Now that you’re aware of the disastrous mistakes most people make with landing pages let’s talk about how to avoid them.
The list of landing page mistakes offered a few clues on how to improve your landing page. Here are a few more.
- Grab your visitor’s attention as soon as they land on the page and keep them focused on your message and the offer you’re making. Get rid of navigation bars, visual clutter, and anything else distracting. Your goal is to lead the reader from having a problem to seeing your offer as the solution. Write tight copy that’s clear and persuasive and write in the second person.
- You want to make visitors feel comfortable and confident about doing business with you. You can do this with social proof, testimonials, a strong guarantee, a BBB logo, state licenses, or other means. You also accomplish this by making claims you can prove and backing up what you say. Offer an incentive for visitors taking action. It could be a free report, webinar, audio seminar, tip sheet, or eBook.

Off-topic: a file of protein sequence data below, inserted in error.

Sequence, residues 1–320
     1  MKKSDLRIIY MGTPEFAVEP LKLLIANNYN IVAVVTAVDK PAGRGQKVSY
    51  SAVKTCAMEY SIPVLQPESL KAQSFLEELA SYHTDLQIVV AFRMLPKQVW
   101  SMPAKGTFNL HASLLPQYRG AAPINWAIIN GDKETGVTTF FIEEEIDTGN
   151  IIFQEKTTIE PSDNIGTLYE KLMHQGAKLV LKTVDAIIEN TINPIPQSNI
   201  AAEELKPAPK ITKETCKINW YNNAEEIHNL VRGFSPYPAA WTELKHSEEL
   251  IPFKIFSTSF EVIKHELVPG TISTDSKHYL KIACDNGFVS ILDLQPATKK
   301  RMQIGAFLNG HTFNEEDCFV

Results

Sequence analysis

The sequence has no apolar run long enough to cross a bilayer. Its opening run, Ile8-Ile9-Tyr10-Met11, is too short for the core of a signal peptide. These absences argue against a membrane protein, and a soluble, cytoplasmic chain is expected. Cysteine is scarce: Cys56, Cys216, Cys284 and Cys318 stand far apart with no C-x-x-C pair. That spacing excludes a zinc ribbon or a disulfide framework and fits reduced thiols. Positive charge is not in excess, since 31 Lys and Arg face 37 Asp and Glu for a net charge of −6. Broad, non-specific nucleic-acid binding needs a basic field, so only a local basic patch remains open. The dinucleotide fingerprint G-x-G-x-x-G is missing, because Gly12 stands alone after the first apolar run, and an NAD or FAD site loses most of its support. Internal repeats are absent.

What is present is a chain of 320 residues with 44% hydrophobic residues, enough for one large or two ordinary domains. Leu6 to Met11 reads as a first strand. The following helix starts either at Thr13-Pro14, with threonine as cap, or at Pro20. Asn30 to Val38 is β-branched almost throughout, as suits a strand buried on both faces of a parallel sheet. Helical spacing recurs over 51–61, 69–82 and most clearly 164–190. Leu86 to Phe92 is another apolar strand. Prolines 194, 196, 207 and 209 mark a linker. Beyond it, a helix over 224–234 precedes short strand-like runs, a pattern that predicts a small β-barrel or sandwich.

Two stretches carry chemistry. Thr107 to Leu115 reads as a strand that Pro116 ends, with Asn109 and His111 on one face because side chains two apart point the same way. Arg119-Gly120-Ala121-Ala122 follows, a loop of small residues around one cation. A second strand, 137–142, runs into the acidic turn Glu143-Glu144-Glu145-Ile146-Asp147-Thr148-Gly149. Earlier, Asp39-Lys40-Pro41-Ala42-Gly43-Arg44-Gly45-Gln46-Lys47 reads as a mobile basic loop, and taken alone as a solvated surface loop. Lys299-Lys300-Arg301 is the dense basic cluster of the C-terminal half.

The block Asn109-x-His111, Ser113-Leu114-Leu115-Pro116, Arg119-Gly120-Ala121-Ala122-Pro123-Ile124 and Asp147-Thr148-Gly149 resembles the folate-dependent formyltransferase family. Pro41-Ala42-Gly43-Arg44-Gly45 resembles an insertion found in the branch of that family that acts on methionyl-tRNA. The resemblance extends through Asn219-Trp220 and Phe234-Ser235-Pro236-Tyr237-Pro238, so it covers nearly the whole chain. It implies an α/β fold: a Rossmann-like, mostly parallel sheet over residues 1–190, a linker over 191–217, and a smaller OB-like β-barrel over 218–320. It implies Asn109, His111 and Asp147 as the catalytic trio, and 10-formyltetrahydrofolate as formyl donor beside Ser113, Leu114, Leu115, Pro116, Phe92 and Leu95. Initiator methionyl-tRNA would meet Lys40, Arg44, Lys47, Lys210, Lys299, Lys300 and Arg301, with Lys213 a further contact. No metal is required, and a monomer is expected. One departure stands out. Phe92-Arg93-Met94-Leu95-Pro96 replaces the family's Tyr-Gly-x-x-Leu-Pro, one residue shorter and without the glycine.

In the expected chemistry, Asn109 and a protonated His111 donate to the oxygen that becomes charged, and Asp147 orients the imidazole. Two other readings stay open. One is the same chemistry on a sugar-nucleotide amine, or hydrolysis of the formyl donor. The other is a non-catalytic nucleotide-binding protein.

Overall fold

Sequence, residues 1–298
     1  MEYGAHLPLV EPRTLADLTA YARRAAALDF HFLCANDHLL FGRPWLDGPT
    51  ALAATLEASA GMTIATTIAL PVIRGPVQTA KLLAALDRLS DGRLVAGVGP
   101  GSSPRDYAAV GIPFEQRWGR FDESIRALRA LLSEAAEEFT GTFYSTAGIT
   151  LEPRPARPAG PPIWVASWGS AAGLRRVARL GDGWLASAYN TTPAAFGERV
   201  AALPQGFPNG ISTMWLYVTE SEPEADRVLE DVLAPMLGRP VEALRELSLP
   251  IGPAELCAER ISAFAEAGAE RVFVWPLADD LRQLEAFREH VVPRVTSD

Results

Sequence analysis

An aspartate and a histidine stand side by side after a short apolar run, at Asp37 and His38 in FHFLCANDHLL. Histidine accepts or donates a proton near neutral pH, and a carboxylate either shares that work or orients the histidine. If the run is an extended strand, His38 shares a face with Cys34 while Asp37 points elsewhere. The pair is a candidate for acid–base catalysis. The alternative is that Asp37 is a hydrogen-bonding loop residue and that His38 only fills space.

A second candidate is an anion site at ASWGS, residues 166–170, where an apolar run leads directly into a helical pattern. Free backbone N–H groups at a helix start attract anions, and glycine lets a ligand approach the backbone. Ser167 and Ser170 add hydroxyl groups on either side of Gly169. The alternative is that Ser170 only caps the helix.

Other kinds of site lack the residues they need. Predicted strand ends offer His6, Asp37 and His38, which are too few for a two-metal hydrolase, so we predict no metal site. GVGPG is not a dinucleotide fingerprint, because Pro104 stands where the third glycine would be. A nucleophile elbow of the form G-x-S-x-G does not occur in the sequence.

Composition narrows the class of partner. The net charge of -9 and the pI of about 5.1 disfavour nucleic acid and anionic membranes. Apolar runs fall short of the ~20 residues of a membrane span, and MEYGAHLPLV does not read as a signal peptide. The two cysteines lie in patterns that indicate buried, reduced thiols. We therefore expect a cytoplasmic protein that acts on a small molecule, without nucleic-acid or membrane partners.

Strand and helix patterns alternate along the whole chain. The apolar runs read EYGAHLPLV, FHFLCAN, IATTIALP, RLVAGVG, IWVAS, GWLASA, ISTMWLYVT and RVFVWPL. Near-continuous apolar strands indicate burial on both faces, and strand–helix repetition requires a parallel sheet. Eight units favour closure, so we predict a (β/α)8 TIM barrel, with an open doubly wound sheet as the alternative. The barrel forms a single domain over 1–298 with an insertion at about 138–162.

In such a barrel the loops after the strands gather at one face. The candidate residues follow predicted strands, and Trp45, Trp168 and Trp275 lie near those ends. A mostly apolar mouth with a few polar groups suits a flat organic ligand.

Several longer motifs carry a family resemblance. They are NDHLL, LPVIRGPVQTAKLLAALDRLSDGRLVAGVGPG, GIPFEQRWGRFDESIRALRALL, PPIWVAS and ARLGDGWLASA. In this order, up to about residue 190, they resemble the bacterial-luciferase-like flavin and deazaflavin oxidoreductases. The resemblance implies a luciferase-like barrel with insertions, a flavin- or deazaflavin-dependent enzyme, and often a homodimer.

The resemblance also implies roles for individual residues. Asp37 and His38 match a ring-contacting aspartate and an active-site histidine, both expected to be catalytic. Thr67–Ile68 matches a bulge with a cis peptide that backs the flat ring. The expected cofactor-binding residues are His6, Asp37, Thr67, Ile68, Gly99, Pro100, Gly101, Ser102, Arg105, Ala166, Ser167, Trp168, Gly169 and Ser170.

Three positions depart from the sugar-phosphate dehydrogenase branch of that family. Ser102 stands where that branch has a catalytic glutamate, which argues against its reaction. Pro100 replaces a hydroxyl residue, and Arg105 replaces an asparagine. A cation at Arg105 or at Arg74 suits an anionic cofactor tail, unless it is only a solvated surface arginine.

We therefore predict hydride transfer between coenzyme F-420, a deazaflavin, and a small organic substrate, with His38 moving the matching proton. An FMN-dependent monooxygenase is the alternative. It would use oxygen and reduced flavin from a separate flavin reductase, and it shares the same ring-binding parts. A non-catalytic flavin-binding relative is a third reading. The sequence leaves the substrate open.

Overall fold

- Use visual elements to draw your visitor’s attention toward your call to action. Check out other businesses’ landing pages for ideas. Conduct regular tests on your landing pages to improve conversion. There are easy-to-use tools and some of them are even free.
In the end, great landing pages involve a bit of art and science
Can you share any examples of good landing pages you’ve seen recently? Let us know about it in the comments.
About the Author
Anthony Sills’ work can be found at American Express OPEN Forum, Copyblogger, Infusionsoft’s Big Ideas blog, and elsewhere. He writes about HR & employment, marketing, and business. You can always reach Anthony via social media, email, or by leaving a comment below…
image courtesy of Stuart Miles/FreeDigitalPhotos.net